The Australian Christian Lobby (ACL) today urged the NSW Government to undertake a genuine consultation process over proposed ethics classes in schools.
ACL NSW Director David Hutt today said there is widespread community concern that the NSW Government has already made up its mind on the introduction of ethics classes in the Special Religious Education (SRE) time slot despite valid concerns about whether the classes would compete with SRE for enrolments and whether the course material conformed to community standards on ethics.
“The Education Minister has said that she will consult over the report before deciding whether ethics classes will go ahead and we urge her to ensure that consultation is genuine and not just part of a rubber stamping process,” he said.
“We are not against the introduction of ethics classes but we are very concerned that the classes are to be run in direct competition with SRE classes – meaning students have to choose between the two and SRE students will be forced to forgo ethics teaching.
“Nothing in the evaluation of the trial
has allayed those concerns. On the contrary the report reveals that a roll-out of ethics classes will draw heavily on the resources of principals and the Education Department – thereby putting SRE classes on an unequal footing.”
Mr Hutt said that a staggering 50,000 people signed a petition tabled in the NSW Parliament in June which called on the NSW Government to protect the place of SRE in schools and reschedule the proposed ethics classes to another time slot.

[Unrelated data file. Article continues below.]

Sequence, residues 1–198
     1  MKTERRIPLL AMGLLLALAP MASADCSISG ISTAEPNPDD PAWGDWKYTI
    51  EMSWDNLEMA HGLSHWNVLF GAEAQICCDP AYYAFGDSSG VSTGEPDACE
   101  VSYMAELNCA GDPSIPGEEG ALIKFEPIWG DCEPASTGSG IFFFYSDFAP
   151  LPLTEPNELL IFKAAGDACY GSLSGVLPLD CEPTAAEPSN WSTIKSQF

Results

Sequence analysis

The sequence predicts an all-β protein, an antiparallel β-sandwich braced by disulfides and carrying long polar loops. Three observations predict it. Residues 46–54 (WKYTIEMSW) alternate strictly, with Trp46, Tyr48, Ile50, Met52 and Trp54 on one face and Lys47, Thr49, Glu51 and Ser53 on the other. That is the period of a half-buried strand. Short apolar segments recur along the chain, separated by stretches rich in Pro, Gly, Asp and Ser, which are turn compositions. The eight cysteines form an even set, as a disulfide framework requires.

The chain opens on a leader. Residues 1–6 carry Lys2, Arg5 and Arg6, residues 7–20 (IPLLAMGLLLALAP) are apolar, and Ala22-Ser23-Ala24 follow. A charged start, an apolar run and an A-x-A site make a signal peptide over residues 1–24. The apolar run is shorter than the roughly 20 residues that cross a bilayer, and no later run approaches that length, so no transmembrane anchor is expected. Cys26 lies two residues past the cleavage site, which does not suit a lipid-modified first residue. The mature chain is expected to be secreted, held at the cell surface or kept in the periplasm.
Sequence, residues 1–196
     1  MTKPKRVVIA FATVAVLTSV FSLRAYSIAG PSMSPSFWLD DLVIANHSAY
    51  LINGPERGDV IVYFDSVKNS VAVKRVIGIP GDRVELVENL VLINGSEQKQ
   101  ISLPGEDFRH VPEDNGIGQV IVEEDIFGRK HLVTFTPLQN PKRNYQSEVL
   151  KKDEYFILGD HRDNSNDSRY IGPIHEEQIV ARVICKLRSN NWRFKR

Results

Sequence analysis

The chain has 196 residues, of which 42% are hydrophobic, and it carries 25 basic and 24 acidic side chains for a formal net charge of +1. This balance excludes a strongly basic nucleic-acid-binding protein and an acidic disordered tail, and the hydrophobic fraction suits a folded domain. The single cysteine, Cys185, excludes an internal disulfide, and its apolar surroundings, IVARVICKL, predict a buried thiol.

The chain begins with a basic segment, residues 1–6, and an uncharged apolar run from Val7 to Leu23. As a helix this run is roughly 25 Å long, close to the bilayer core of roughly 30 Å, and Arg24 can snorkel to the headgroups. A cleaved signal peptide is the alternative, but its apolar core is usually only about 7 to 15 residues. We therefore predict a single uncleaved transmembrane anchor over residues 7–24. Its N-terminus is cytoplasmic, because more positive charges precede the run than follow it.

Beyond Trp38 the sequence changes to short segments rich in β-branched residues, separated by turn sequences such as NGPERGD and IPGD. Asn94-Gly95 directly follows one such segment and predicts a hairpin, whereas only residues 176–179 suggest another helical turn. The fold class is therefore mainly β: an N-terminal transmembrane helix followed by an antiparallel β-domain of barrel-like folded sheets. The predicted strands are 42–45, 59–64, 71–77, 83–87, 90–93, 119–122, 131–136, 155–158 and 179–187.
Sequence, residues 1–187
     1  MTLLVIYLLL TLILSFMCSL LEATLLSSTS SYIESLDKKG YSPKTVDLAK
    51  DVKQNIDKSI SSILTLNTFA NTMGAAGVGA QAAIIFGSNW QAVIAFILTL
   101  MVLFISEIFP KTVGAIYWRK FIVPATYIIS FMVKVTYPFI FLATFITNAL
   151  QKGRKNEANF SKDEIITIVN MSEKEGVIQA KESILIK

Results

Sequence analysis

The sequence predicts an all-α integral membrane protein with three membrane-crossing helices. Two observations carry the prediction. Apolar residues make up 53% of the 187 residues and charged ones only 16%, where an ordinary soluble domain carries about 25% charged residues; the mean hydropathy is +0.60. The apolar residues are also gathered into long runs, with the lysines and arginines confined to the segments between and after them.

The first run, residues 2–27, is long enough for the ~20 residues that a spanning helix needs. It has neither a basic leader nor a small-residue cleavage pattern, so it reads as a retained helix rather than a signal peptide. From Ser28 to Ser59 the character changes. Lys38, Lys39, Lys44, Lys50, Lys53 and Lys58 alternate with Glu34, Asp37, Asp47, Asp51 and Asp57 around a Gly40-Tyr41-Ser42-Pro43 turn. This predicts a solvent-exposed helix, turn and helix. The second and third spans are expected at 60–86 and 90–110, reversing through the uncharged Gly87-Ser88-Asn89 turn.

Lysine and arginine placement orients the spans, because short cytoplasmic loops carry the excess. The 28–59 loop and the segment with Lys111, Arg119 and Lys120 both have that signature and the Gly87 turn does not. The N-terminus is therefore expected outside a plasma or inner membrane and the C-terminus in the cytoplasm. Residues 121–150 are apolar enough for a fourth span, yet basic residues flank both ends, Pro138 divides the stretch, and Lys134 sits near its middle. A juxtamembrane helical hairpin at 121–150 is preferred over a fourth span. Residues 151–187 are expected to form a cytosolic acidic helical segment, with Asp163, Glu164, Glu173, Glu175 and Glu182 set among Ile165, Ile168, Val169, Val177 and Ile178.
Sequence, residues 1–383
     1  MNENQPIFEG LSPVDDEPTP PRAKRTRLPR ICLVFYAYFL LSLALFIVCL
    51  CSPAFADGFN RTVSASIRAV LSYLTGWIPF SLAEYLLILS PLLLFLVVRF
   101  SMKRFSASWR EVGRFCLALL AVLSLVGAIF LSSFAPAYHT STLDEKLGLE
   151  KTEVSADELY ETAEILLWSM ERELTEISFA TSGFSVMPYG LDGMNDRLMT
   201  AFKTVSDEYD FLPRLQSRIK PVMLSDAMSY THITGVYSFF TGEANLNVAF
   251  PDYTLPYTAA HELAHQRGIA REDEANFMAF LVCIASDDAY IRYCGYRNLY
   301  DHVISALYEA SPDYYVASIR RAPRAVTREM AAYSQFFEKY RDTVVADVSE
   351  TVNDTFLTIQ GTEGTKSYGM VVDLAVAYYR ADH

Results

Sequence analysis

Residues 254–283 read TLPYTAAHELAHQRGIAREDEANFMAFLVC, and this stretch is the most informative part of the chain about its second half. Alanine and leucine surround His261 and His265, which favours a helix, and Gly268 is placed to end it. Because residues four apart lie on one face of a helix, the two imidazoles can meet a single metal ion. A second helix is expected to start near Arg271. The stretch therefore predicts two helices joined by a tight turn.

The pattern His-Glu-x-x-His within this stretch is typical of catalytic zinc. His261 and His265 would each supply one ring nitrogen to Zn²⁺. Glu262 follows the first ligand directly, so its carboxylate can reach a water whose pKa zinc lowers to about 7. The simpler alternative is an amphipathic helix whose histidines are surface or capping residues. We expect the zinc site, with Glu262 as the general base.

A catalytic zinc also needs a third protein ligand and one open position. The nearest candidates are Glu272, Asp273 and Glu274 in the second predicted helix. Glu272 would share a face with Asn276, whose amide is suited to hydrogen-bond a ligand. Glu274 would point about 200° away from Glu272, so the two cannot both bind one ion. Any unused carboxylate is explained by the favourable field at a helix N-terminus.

“The Save Our Scripture petition sent a clear message to NSW parliamentarians about the need to safeguard the special place of SRE in NSW schools and we urge the NSW Government to respond to those concerns,” Mr Hutt said.
“The Government should not be discriminating against children of faith who will not be able to attend both SRE and ethics but instead should ensure that the classes are run at separate times.”
Mr Hutt said there also remained concerns about some of the course content.
“Already, in the brief 10 week trial, the Education Minister has had to intervene and remove inappropriate course content about terrorism and designer babies. If the first ten lessons are so controversial that the Minister had to step in and re-write them, what are the next lot of lessons going to look like? Rather than rushing to change a system that has existed for more than 100 years, the NSW Government should be carefully weighing up all relevant concerns.”
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